1. Has anyone ever thought of hybrid garbage trucks, they are the real environmental offenders.

  2. Has anyone ever thought of hybrid garbage trucks, they are the real environmental offenders.

  3. Has anyone ever thought of using hybrid garbage trucks?, garbage trucks are the real environmental offenders. Sorry for my other posts.

  4. I’ve been bugged about climate change for a solid decade.
    There are three salient issues that are quite within the City’s purview to act upon but they persist in neglecting them (politricks, I guess):
    – exploring transit options to the Front St. Extension
    – squeezing cars a bit alongside the Bloor/Danforth subway to create a bikeway eg. takethetooker
    – stopping urban oil spills by retaining more solid old buildings. There’s a lot of energy stored in our buildings and materials of a city – and we waste it all too readily.
    I also doubt that there will be an accurate picture of TO’s emission profile, which I’ve seen at 20% above mere stabilization, the exact opposite of the Toronto Target at the Target date, and nowhere near where we have to be.
    The transport sector needs the most attention, but the proposed fixes aren’t as promising/effective as they must be.

  5. One issue that I have started to notice and that the City really has no policy on is wood burning stoves. I have noticed that many lofts, like the Wallace Station Lofts advertise having wood burning stoves. To me this is nuts. Aybody have any thoughts on this ?

  6. Legislating against wood burning stoves would probably also require fireplaces to be part of it, which would certainly ignite (ahem) a backlash.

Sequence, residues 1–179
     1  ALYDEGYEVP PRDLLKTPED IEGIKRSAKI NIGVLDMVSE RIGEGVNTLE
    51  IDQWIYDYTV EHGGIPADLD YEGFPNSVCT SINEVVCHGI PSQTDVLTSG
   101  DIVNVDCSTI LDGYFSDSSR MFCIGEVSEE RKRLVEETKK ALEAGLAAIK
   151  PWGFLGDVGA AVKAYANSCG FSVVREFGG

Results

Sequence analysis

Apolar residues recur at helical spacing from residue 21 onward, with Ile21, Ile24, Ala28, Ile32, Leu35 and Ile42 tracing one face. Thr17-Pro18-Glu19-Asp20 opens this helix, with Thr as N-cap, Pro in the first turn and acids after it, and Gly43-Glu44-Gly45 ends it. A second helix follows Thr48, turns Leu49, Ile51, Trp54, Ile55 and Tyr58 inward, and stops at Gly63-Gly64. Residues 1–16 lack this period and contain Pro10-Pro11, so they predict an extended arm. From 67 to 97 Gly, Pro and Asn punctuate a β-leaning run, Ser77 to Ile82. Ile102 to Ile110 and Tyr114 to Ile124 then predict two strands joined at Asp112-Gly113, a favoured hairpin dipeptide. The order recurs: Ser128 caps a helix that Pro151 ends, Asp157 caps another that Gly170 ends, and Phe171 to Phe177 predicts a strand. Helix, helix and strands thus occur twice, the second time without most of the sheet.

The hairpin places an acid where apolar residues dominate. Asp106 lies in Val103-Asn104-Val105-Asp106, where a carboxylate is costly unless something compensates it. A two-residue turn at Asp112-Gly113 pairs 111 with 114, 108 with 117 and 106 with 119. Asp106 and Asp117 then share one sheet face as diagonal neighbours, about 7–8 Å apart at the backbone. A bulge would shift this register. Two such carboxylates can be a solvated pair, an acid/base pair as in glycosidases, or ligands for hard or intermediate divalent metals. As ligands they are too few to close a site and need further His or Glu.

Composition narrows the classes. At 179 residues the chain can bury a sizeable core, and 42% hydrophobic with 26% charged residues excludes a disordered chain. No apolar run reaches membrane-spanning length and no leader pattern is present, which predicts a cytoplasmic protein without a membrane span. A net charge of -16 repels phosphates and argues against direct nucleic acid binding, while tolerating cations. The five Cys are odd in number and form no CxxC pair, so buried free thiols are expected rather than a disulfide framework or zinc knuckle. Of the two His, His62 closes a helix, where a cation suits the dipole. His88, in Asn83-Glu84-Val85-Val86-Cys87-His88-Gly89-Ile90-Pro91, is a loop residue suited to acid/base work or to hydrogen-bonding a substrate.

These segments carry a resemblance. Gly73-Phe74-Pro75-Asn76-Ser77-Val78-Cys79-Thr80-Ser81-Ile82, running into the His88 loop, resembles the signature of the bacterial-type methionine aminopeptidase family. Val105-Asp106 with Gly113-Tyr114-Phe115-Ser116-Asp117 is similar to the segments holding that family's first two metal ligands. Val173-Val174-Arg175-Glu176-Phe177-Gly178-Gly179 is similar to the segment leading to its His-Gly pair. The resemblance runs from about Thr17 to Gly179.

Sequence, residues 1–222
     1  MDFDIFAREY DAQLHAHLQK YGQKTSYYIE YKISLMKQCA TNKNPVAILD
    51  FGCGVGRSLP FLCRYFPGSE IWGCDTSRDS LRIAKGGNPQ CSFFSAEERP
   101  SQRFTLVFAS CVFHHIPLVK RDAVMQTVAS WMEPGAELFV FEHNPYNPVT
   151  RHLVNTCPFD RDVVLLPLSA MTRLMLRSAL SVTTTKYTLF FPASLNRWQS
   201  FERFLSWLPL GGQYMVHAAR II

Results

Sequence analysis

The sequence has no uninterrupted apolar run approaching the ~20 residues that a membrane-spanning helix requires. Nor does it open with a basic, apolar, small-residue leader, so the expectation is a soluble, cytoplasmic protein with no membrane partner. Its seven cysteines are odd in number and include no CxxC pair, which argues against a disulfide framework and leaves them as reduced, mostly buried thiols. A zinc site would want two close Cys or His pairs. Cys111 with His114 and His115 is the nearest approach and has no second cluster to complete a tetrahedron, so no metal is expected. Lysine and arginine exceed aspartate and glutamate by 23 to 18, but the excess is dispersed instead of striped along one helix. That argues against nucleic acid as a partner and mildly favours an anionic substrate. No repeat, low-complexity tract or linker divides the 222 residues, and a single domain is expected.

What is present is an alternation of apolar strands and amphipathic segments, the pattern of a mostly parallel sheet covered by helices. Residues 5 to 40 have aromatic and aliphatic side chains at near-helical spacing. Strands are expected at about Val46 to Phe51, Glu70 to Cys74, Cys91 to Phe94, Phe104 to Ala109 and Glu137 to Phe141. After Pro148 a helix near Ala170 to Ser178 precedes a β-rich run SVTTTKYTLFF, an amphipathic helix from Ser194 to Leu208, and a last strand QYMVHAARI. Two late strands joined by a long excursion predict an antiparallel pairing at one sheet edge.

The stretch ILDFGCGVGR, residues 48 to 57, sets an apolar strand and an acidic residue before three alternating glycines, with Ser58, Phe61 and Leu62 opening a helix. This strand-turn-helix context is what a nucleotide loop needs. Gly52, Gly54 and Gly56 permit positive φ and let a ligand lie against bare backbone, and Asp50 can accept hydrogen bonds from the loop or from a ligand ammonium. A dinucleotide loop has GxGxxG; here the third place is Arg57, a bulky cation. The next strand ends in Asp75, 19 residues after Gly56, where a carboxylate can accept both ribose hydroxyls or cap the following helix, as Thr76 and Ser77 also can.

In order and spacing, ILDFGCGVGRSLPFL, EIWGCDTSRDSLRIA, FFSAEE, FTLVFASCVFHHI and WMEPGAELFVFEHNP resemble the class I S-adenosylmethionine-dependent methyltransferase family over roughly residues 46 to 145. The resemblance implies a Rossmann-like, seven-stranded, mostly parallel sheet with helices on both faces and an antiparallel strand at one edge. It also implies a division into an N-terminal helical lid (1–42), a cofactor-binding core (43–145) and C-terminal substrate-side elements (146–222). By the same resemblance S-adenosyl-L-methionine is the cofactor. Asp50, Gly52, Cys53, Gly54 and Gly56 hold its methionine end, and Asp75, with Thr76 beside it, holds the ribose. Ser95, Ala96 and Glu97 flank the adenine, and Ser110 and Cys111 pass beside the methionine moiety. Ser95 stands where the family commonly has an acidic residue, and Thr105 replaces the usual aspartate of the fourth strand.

No idea about the actual facts here, but what impact does burning some wood have compared to cars and the usual polluting suspects?

    And people could also make the argument that in times of crisis (like the Montreal ice storm) a wood burning stove could be a survival issue. Maybe.

  7. The City did studies to determine what the minimal standard would be in terms of what wood stoves/gas stoves could put out. These studies also stated the obvious, that gas inserts were cleaner than wood stoves. It had a lot to do with the amount of particles that could enter the air.I believe there are already limitations on some outdoor stoves, although that is a safety issue. Given the number of smog days and global warming in general, probably everything will will eventually be put on the table. Burning wood may give way to gas inserts as the acceptable (and easier) choice. Evenings can be just as romantic using gas as wood.

  8. Dude, flicking the switch hardly compares to the romantic foreplay of building the fire — showing off your boy/girl scout skills for the significant other.

  9. Well there is also a lot of romance and mythology about cars as well and we know where that got us. I would flick a switch to help clean the air anytime. Scout have other skills as well.

  10. scott, I went to see a wallace station unit the other day. The fireplace looks like an old wood burning stove, but it is gas.